Review of Faith of the Fallen by Terry Goodkind
Faith of the Fallen
by Terry Goodkind
Perhaps the best book in the series so far. Once again, Goodkind deprives Richard of the Sword of Truth so that he can take him on a philosophical journey that avoids bloodshed and uber-powerful moments of rage. In fact, Richard is rather laid back in this entire book. This is justified by what he experienced in the last book and his disillusionment with his own methods of trying to beat the Imperial Order.
Faith of the Fallen takes a sharp left turn (no pun intended) at communism and doesn't look back. While the Order has obviously been a symbol for communism from the beginning, Goodkind intends to browbeat you with it if you hadn't already realized or if you had, until this point, thought he was just joking. He throws Richard into the heart of the Imperial Order in order to show us how incredibly absurd the Order's society is. For instance, Richard gets in trouble because he was working too hard, thus taking work from other people. Very selfish of him. I must say that after reading this book, I almost, almost wanted to become a capitalist. The only thing that saved me is remembering that I already knew communism is flawed when put into practice.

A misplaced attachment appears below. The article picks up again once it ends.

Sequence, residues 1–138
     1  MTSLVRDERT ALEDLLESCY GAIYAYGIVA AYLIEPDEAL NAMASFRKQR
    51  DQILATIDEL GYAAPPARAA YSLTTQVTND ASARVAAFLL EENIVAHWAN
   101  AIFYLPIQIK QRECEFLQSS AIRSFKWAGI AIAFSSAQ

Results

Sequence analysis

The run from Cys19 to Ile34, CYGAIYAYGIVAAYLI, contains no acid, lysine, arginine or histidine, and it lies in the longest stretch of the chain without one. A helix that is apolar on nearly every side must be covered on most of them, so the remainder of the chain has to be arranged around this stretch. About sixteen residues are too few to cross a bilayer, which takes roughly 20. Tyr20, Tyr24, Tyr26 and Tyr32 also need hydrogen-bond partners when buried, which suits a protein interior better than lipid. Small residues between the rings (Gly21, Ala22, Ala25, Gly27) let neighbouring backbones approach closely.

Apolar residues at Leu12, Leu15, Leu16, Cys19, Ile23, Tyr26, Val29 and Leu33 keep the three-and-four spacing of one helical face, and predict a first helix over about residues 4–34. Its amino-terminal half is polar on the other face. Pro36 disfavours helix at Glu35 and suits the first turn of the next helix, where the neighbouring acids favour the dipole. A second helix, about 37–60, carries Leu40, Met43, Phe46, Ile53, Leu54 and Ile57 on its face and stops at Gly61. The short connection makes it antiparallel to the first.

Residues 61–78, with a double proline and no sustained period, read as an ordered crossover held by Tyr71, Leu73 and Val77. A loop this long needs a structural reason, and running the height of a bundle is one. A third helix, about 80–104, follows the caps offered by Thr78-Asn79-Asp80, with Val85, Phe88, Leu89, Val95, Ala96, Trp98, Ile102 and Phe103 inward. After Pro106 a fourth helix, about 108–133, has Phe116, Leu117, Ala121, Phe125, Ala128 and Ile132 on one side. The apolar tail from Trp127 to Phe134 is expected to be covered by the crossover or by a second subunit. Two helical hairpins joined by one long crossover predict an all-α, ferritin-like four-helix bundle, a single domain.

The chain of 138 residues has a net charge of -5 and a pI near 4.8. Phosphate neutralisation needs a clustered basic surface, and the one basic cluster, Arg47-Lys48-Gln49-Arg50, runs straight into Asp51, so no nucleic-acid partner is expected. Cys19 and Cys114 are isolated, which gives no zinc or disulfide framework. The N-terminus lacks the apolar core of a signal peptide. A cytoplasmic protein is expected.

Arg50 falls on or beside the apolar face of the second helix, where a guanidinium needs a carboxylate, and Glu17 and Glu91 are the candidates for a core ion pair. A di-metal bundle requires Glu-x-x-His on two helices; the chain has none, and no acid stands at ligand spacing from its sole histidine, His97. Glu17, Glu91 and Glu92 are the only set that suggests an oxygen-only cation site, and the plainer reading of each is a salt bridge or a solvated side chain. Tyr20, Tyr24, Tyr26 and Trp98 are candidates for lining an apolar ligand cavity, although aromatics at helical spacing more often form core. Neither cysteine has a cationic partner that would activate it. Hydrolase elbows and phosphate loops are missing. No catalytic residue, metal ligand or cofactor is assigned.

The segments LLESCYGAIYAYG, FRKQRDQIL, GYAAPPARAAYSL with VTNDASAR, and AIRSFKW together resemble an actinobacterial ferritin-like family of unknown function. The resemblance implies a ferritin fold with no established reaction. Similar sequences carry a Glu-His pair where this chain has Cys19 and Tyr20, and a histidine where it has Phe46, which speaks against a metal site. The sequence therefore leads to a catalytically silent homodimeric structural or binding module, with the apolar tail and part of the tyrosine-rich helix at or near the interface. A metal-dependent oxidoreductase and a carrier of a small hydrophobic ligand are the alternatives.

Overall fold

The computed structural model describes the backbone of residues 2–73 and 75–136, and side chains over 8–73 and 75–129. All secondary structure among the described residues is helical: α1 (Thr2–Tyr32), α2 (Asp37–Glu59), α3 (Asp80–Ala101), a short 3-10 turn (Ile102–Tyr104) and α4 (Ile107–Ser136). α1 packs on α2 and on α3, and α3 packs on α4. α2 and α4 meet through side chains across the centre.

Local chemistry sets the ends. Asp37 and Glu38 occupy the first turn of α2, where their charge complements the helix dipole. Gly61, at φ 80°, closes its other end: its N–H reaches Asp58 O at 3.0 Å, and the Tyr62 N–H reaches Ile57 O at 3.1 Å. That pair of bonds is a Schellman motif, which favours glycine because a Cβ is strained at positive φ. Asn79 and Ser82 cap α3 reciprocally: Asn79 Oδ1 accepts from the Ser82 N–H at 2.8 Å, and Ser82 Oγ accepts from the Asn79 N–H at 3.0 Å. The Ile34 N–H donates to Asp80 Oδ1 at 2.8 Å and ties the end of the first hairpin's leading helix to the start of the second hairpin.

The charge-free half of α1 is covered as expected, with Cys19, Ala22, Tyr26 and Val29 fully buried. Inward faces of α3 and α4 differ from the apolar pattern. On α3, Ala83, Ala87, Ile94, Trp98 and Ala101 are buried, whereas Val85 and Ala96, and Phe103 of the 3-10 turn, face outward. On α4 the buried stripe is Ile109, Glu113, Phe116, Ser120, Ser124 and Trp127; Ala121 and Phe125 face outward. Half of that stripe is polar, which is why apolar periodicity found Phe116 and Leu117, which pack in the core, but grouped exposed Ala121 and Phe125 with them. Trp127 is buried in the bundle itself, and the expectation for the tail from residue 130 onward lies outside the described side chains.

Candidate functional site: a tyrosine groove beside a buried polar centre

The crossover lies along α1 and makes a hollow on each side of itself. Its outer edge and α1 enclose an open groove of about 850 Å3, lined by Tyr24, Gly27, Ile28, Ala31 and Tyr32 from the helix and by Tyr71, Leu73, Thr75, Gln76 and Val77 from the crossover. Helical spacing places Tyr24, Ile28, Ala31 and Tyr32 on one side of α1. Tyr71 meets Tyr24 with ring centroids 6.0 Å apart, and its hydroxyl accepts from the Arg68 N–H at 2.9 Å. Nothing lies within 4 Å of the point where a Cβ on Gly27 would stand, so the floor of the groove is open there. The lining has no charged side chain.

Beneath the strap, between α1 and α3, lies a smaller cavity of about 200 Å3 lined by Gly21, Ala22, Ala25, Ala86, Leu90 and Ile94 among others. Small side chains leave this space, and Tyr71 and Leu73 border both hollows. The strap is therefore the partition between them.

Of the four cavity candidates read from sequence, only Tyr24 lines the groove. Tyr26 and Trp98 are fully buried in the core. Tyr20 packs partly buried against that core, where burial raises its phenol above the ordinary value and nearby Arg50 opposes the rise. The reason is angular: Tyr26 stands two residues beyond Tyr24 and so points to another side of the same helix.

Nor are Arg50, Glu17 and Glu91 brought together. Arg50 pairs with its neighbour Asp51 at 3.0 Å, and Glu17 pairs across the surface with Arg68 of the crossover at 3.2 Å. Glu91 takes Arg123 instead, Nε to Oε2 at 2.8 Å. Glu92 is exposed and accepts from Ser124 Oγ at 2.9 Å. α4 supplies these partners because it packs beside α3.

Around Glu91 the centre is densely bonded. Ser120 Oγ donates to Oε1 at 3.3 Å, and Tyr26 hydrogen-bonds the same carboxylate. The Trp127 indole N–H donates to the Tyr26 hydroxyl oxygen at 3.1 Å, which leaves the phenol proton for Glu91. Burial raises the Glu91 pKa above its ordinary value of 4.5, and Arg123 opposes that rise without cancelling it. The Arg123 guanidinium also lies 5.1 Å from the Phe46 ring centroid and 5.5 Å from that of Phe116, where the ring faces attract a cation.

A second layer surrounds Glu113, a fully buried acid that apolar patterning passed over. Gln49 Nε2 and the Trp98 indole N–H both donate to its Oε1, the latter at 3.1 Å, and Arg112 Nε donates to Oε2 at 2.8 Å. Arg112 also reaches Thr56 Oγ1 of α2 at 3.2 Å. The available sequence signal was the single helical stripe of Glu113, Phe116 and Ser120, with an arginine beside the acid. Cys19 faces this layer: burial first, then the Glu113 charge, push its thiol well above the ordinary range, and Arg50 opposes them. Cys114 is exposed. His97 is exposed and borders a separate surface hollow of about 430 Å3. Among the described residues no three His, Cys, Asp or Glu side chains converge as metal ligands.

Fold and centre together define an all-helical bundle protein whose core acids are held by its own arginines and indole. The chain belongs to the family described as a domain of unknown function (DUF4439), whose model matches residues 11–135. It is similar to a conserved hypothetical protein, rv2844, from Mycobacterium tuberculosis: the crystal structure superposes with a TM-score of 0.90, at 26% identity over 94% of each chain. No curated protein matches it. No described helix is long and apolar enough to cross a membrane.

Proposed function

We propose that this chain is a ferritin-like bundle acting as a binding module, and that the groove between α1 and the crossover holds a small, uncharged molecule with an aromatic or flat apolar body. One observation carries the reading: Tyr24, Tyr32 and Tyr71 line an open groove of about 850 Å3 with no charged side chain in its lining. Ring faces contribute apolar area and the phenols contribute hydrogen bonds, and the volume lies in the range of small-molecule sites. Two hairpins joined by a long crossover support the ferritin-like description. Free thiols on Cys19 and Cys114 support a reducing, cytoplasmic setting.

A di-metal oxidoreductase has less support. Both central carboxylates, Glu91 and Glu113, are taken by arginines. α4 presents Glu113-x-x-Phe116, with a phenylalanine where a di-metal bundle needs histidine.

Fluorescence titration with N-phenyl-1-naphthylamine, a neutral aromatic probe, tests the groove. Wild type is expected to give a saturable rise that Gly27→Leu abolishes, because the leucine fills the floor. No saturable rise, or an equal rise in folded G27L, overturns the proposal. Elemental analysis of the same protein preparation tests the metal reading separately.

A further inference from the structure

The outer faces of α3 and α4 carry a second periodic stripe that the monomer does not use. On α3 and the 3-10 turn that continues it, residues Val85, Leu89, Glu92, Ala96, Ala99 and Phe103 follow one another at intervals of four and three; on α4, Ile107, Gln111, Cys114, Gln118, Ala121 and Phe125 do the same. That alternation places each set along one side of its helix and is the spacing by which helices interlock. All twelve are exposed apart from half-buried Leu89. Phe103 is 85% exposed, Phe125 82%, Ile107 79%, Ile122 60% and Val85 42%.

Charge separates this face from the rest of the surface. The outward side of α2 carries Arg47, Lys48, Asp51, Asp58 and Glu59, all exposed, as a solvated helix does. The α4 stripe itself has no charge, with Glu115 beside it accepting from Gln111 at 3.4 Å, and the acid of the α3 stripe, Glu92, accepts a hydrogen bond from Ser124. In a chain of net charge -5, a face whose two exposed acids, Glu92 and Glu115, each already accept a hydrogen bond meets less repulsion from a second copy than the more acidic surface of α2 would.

As a villain, Nicci is delicious, for she is truly insane. She has spent her entire life growing into a warped, twisted person whose moral compass is so far off the beaten path that you need GPS to locate it. I can't say that I agree with everything that she does, but I certainly empathize with what she is trying to do. Her fate at the end of the book is justified, especially by her reaction to what Richard does.
The elapsed time in Faith of the Fallen is greater than many of the other books. If you are not a fan of politics or military tactics, you may find it slow, because Goodkind devotes most of it to demonstrating the absurdity of the Order and spends the rest of the book showing Kahlan's military prowess (which is fine). I found the ending rather rushed. Once again, travel to the Old World seems to happen at the Speed of the Plot. Kahlan manages to get to the Old World--to the heart of the Imperial Order, in fact--rather quickly: just in time for the climax.
This book rewards you for actually reading the first five. I would have been content if this had been the second book in a series of maybe four.